If Bethesda's detailed GDC presentation about modular level design kits for Fallout / Skyrim showed me anything, it's that modularity is actually a huge pain in the ass -- and not the good kind of ass pain either. Why should we keep building 3D levels in this slow, totally unnecessary way, with a workflow that's at least a decade old?
I remember a time when level design was slightly faster, and that time was the time of the brush. What if we could combine the benefits of modularity (variety / adaptability / abstract detail out of design) with the benefits of a brush-based workflow (simplicity / speed / focus on "platonic forms" of design)?
The Unreal Engine has a "procedural building" tool that automatically makes buildings based on a brush volume and it seems ideal, but you can't actually use it to design levels -- in the way that Epic appears to use the tool, these buildings don't have interiors and so they exist mainly as elaborate set dressing instead of something functional that affords exploration. That isn't what I want because I think it's way too specific to be useful. Instead, I want something one conceptual level lower: instead of a building that assembles itself, how about a floor or a wall that can detail itself?
These "AutoBrushes" would basically be design primitives that can be programmed to detail or deform themselves. Imagine a "rock" brush that automatically tessellates / deforms itself to make seamless caves, or a "forest" brush that randomly places trees and plants and birds, or a "Call of Duty" brush that scatters rubble along corridors, etc.
An AAA studio might divide the work like this: (1) an environment artist builds a tileset of 3D meshes, (2) a "world coder" would program a brush solid that automatically tiles, subdivides, deforms, and mutates these meshes -- and (3) the level designer would place these procedural brushes to make buildings and environments.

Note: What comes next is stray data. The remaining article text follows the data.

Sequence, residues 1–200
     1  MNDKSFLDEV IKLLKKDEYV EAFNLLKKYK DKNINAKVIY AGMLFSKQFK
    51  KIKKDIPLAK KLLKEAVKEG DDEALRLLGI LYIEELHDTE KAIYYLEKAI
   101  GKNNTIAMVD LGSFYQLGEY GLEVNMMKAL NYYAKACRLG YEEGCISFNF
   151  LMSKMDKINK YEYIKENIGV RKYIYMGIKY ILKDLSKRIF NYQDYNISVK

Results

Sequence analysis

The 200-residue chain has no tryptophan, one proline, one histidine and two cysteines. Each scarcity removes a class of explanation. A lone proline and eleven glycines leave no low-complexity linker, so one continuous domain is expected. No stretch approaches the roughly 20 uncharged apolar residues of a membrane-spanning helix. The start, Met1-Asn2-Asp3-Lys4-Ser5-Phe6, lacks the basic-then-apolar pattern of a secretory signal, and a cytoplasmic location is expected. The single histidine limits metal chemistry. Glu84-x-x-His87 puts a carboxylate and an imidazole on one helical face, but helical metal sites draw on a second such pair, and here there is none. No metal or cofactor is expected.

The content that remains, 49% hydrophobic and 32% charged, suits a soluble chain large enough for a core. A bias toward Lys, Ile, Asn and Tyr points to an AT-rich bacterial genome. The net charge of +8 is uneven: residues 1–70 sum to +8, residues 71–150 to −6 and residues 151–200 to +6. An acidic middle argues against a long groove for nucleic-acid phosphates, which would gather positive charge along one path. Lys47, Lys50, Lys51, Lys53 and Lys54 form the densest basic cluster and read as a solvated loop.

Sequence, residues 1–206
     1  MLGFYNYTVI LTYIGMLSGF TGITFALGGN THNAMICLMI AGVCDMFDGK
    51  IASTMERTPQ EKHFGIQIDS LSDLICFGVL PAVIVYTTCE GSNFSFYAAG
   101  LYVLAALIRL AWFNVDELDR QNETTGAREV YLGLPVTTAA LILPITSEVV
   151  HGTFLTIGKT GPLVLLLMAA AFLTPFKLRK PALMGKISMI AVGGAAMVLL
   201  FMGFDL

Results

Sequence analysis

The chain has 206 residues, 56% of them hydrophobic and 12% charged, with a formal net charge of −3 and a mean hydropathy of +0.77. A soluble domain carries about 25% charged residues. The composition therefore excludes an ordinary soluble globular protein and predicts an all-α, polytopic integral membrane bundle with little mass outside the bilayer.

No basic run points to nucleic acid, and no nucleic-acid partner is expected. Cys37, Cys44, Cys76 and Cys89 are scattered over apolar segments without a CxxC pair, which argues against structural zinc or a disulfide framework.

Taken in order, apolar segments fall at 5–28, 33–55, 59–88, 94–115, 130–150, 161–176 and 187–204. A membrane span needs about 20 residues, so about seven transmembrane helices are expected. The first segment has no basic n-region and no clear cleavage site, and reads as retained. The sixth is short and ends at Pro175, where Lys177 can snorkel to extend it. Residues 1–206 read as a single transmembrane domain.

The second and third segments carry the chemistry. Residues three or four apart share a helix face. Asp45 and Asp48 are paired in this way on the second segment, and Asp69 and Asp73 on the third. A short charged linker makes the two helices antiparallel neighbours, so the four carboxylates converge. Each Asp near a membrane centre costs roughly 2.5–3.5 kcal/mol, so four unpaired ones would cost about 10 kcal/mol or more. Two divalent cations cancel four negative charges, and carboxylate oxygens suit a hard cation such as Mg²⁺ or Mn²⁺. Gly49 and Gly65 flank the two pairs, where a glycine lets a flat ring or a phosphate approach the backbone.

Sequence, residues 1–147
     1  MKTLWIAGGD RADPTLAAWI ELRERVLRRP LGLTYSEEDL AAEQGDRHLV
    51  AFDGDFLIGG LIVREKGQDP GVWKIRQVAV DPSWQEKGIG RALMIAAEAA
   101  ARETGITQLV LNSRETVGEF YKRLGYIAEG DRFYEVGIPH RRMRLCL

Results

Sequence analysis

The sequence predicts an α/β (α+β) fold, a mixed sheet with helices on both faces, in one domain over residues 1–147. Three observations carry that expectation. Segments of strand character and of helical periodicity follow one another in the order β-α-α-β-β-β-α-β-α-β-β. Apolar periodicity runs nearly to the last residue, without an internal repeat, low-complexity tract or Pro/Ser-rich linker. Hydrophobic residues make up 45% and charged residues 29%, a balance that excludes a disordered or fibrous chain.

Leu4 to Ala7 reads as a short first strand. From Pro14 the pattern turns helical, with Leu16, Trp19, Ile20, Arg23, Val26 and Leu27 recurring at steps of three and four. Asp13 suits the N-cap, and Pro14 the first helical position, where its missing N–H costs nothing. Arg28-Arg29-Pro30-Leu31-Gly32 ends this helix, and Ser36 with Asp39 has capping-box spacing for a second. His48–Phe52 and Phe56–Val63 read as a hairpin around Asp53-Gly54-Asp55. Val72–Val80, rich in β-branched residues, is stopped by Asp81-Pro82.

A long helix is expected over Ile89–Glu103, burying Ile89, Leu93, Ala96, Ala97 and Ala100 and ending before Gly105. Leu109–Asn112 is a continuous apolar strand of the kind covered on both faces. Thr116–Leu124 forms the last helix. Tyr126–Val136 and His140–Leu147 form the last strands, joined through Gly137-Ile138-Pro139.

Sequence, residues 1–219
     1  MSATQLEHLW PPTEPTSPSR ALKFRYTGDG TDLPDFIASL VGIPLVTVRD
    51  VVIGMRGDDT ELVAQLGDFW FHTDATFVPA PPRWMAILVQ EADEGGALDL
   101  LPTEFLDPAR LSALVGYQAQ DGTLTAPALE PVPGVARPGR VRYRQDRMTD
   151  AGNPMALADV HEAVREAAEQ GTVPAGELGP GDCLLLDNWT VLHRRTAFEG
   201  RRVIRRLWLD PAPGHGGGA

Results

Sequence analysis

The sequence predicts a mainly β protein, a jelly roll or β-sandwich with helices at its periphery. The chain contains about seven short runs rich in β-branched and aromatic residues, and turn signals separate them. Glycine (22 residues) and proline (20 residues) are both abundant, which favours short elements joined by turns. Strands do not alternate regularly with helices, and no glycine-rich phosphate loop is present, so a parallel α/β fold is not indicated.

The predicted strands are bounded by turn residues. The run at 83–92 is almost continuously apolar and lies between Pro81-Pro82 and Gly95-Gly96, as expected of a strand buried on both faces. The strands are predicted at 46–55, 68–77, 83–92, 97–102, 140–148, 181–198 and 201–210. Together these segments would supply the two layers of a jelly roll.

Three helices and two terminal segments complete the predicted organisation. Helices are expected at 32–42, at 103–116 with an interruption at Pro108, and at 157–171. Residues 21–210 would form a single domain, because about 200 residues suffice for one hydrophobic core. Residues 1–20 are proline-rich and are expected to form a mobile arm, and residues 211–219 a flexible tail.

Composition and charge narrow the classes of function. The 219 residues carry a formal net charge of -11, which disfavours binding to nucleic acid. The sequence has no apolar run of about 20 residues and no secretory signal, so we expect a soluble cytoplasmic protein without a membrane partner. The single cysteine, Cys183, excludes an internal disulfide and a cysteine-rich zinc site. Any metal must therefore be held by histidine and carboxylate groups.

An indie workflow might look more like this: (1) an environment artist builds a tileset and shares them freely, (2) developers hold a "proc jam" to code the most interesting procedural brushes, (3) the brush data is stored in a special platform-agnostic XML format that can be fed into UDK, Unity, or any 3D game engine for people to use.
This is my current AutoBrush prototype in Unity:
- Each brush is technically planar and takes its rotation / scaling into account.
- Brushes have sets of "rules", which each spawn a random object every X units within the brush volume.
- In Unity, I hide all the resulting objects from the hierarchy and inspector, so I only deal with the brush object itself.
- Spawned objects are just regular Unity gameObjects; they could be NPCs, or particle systems, or even other brushes.
So in this example, I have a STOREFRONT rule that spawns a storefront piece on the bottom level, and a WALL rule that spawns windowed pieces above the storefront, and a FIRE_ESCAPE rule that spawns fire escapes haphazardly. I could also add an OCCUPANTS rule that could automatically spawn an NPC in each window, or maybe a PATHFINDING rule that automatically spawns pathing nodes for each floor, etc.